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Maker(s):Whitehead, James and Charles (or); Leeds Pottery
Date Made:ca. 1800
Type:Lighting Device
Materials:ceramic: lead-glazed, cream-colored earthenware (creamware)
Place Made:United Kingdom; England; Staffordshire; Hanley or Yorkshire; Leeds
Measurements:overall: 10 1/2 in x 4 3/4 in; 26.67 cm x 12.065 cm
Accession Number:  HD 2006.33.94.1
Credit Line:Museum purchase with funds provided by Ray J. and Anne K. Groves
Museum Collection:  Historic Deerfield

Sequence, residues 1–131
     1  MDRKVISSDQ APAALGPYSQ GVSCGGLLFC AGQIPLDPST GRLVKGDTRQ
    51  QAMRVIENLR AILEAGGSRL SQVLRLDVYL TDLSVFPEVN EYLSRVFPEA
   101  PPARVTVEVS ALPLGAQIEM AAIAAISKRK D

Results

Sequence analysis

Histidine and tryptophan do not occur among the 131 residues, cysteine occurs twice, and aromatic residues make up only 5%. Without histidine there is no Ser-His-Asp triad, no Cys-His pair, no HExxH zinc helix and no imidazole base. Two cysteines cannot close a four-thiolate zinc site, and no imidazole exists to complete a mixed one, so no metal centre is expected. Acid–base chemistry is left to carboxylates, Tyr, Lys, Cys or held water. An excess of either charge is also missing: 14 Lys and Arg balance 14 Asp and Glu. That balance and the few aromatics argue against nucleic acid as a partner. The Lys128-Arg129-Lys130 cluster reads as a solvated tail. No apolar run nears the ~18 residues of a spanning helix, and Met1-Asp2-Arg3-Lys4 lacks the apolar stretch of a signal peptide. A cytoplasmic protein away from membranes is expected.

One of a pair of press molded creamware, neoclassical-style candlesticks in a classic silver shape style with a pierced, galleried nozzle; over a reeded stem; four molded husk swags on the shaped, stepped foot; and a beaded border around the square base. While unmarked, these candlesticks bear a strong resemblance to one illustrated in James and Charles Whitehead’s 1798 pattern book (working c.1793-c.1810). However, according to Donald Towner, there are very few distinctive patterns in this pattern book and that many of the engravings seem to be derived from Wedgwood, Leeds, and Castleford pattern books. In fact, the York Museums Trust (Yorkshire Museum) has a similar marked pair made by Hartley Greens & Co. / LEEDS POTTERY, which are not listed in the Leeds Pottery Design Book. There is also a similar pair in the Victoria and Albert Museum, which Bernard Rackham attributed to the Wood family factory at Burslem. In the late 18th century, classical shapes and ornaments replaced the richly carved or asymmetrical designs featured in the earlier Rococo or Chippendale style. Objects excavated at the Roman archaeological sites at Pompeii and Herculaneum in the mid-18th century served as inspiration for new furniture forms and household decoration in this country and Europe. Enoch Booth (c.1703-1773) of Tunstall, England, developed the fine, light-colored earthenware now known as creamware in the early 1740s using the various improvements in body, glaze, and firing; but it was Josiah Wedgwood (1730-1795) who perfected and successfully marketed the ceramic body. Wedgwood’s version of creamware resulted from many experiments with white clays and improved glazes; by 1762, he had developed a light, sturdy, refined, and yet inexpensive cream-colored earthenware body. Wedgwood described the new product as "a species of earthenware for the table, quite new in appearance, covered with rich and brilliant glaze, bearing sudden alterations of heat and cold, manufactured with ease and expedition, and consequently cheap." Middle-class consumers rushed to purchase creamware, bringing the popularity of alternative ceramics such as tin-glazed earthenware and salt-glazed stoneware to an end. In an effort to capture a segment of the creamware market, many English potteries also began to produce the ceramic; estimates suggest that more than 150 factories in England manufactured the ware. Unfortunately most early wares were not marked, making attribution to a particular factory difficult.

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